Ted Frank is an attorney and prolific writer. He contributes at Overlawyered and PointofLaw.com and runs the Center for Class Action Fairness. Now, thanks to Scott Greenfield, I see that Ted has opened a new blog to document TSA abuses (a topic we've written about quite a bit recently). It's called, appropriately enough, the TSA Abuse Blog. Keep an eye on it if the issue interests you.
I'm glad that Ted Frank, and people like him, are documenting the TSA, because the dead-tree media is doing a rather inconsistent job. Despite evidence of pervasive problems — from humiliations driven by brutal indifference to deliberate misconduct — many members of the chattering classes continue to tell Americans they ought to just shut up and take it. For every account, they have a dismissive response.
So when Mary in Texas, one of the Americans whose stories have been gathered by the ACLU, gives this account:
The TSA agent used her hands to feel under and between my breasts. She then rammed her hand up into my crotch until it jammed into my pubic bone…. I was touched in the pubic region in between my labia…. She then moved her hand across my pubic region and down the inner part of my upper thigh to the floor. She repeated this procedure on the other side. I was shocked and broke into tears.
– Mary in Texas
At what point did Americans turn into a nation of crybabies? Surely it preceded the sudden squall-fest resulting from new security measures at some U.S. airports — although the fuss kicked up over the weekend and continuing into this busiest of travel weeks has been loud enough to get everyone's attention.
When Paula tells this story:
She ran her hands all the way up and into my crotch with force. To get graphic she could have felt if I had a feminine pad on. When she finished with the front she did the same with my back to the point that she, what I would call groped, my butt. She went under, in between, and on my breast. It was more intense than my monthly breast exam.
– Paula M. Hamilton, Corydon, Indiana
Some individual pat-downs have gone too far, and the T.S.A. was ham-handed in answering those concerns. But the Obama administration should weather this storm by realizing these attacks are purely partisan and ideological. Americans know the difference between a big scanner and big government.
When Melissa takes this story:
I was shaking and crying the entire time. I was begging them to hurry up but they kept stopping and telling me to calm down. It is impossible to gain composure when a stranger has her hands in your underwear. A crowd gathered and watched and I never felt so humiliated. After it was over, I ran into the ladies' room where I vomited and cried until my plane was boarding.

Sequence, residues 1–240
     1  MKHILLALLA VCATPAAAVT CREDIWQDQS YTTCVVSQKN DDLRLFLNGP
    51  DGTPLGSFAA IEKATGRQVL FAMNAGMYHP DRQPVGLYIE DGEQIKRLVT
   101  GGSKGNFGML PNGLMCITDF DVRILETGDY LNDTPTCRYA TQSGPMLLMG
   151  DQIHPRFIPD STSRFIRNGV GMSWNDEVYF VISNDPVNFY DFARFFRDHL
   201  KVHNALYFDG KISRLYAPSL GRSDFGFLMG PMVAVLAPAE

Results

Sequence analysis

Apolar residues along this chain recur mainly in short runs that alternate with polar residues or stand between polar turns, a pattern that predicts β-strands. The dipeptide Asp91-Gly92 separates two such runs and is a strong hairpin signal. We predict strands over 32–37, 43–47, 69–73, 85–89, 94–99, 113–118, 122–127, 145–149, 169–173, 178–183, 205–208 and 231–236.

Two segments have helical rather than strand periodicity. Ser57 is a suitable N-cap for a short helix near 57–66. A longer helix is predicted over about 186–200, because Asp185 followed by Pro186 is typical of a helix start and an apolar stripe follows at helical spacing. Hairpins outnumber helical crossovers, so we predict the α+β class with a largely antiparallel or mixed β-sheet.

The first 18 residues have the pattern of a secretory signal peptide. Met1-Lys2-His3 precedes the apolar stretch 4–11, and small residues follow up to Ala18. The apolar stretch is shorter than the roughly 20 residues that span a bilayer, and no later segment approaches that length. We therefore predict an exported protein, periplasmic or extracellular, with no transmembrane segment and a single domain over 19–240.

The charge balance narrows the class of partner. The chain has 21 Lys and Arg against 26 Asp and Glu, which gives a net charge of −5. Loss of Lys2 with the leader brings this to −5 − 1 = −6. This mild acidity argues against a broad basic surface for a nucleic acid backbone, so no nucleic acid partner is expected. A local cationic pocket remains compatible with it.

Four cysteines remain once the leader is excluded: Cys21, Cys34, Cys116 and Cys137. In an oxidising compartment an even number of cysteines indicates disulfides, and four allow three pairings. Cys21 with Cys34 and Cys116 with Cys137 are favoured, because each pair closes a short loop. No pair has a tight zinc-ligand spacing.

– Melissa, Massachusetts
If you can't handle such a minor inconvenience, perhaps you should stay on the ground.
When "B. from Maryland" tells this story:
Simply, I was sexually assaulted. My breasts were caressed in an almost amorous manner. And on the second canvassing of my groin, single-finger pressure was applied to my labia majora – the plane of which was near-broken, during which the agent made a wildly off-color remark.
– B. from Maryland
The Houston Chronicle is there to call her a hysteric:
The hysterical hullabaloo over airport security procedures is a waste of time
The world's in a swivet over airport security.
When Charlotte in California tells this story:
This was a very different and, I maintain, a deliberately abusive experience…. the agent not only felt the inside of my upper thighs but also probed my vagina three separate times. I made it to the end of the search, but then broke down…I cannot and will not allow this to happen to me again…. I continue to have nightmares about this experience.
– Charlotte in California, female, 68
Whatever happened to the notion that we need to stick together to overcome extremists? U.S. soldiers are still dying for that cause in Iraq and Afghanistan on a regular basis.
And when Caitlin in Conecticut tells this story:
I was the only female in a crowd of men. Even though I was not next in line, I was called over to the body scanner. As I got closer to the scanner, I could clearly hear him say "got a cute one, some DD's." … I was appalled and decided at that point to "opt out" of the scanner…. I was then put through the pat down procedure which I only can only describe as sexual assault.
– Caitlin, Connecticut
The enhanced screenings are necessary to avert a situation in which a would-be terrorist attempts to hide weaponry under his clothing.
Also, Ruth Marcus at the Washington post would like to add that all of these people should just grow up, shut up, and pretend you're at the doctor:
"Don't touch my junk" may be the cri de coeur – cri de crotch? – of the post-9/11 world, but it's an awfully childish one. We let people touch our junk all the time in medical settings.
Remind me, again, why I should give a shit that the newspaper industry is dying and these people will all be unemployed? Sooner or later, the state is going to have to find fluffers someplace else.
Regrettably, it can probably find its fluffers reliably in the blogosphere. It's tempting to try to frame this as a fight between statist mainstream media figures and liberty-defending bloggers. But the truth is that bloggers — small and large — are just as likely to be government-apologist, dissent-belittling assholes as mainstream journalists are — that's a point clear from a wide array of bloggers from the Koch-sniffers at The Nation to Marc Thiessen at The Corner willing to minimize, marginalize, and dismiss dissent and parrot the government message.
That's why blogs like Ted Frank's new one are important. Check it out.
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